Harvard Catalyst Profiles

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Optimized tDCS for fibromyalgia: targeting the endogenous pain control system


1. ABSTRACT Fibromyalgia (FM) pain affects upwards of 5 million people in US annually and can have a considerable impact on patients? quality of life and costs for the society (e.g., treatments or unemployment costs). Given the limited and variable effects of most of the therapeutic interventions for FM, there is an unmet clinical need for the development of novel interventions in FM. Recent evidence has suggested that FM pain can be related to deficits in pain endogenous regulatory control. In this context, our central hypothesis is that, to improve their efficacy, novel treatments of FM need to target specific neural networks associated with this endogenous pain regulatory system. Our rationale is based on studies showing that transcranial direct current stimulation (tDCS) of primary motor cortex is a powerful non-invasive neuromodulation technique of known to significantly modulate neural plasticity and alleviate chronic pain. Our group reported the first positive results of tDCS in FM in 2006. In order to optimize the treatment effects of motor cortex tDCS, we recently hypothesized that combining tDCS with aerobic exercise (AE) would increase its effects, given its enhanced modulatory effect of motor system engagement on endogenous pain system by combining two therapies. We conducted a preliminary trial testing this hypothesis and showed a beneficial effect of the combined treatment. This proposal was developed based on this preliminary data. Our specific aims are: (i) evaluate the effects of tDCS and aerobic exercise on endogenous pain control as assessed by temporal slow pain summation (TSPS) and conditioned pain modulation (CPM); (ii) determine the effect of these interventions on cortical markers of inhibitory control that are also affected in FM, such as intracortical inhibition as assessed by transcranial magnetic stimulation (TMS) and changes in thalamocortical dysrhythmia as assessed by EEG; (iii) assess whether engagement of the two main targets tested in this study ? STS and CPM ? are associated with changes in pain outcomes (e.g., Brief Pain Inventory and other clinical scales). Our main approach will be carried out using a randomized 2x2 mechanistic factorial controlled trial in 94 patients diagnosed with FM. Subjects will be randomized to one of four groups: tDCS and AE; sham tDCS and AE; active tDCS and nAE (non-AE= control intervention for AE); sham tDCS and nAE. The findings from this study will be significant as there is an unmet clinical need for the development of novel therapies in FM, particularly non-pharmacological ones, based on mechanistic approaches and target engagement. The extensive sensory and electrophysiological measurements that will be conducted with conditioned pain modulation and temporal slow pain summation, single- and paired-pulse transcranial magnetic stimulation, and quantitative electroencephalography will provide novel mechanistic insights that, independently of the main clinical aim, will be significant to future studies investigating novel pain therapies. Current treatments for FM have either limited efficacy or are associated with systemic adverse effects. From a clinical perspective, as secondary analysis, we will investigate the time evolution of pain scores (i.e., BPI) to understand the treatment dose-response in order to provide important insights for the design of future trials investigating the analgesic effects of tDCS. Finally, this proposal is novel given that this treatment is based on a neural target for pain control, the endogenous pain control system, and the results of this trial will not only bring a potential novel way of treating FM, by looking into the endogenous pain control, but will also shed light into pain mechanisms of FM and its relationship to a major modulator: the motor system.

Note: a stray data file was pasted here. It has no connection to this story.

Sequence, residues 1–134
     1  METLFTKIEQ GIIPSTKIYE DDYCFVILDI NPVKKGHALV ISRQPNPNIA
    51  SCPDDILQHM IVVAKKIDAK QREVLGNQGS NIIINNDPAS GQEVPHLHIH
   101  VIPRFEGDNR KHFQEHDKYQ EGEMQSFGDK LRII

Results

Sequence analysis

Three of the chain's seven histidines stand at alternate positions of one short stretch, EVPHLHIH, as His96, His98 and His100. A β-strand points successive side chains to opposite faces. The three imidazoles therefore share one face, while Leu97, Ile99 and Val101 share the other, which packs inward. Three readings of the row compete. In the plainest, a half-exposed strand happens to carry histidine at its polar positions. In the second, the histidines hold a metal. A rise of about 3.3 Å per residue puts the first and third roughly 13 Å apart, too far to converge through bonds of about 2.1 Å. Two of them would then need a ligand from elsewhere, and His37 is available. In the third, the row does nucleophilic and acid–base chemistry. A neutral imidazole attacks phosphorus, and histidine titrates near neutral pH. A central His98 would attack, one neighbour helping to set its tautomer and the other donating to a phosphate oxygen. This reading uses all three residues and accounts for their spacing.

Funded by the NIH National Center for Advancing Translational Sciences through its Clinical and Translational Science Awards Program, grant number UL1TR002541.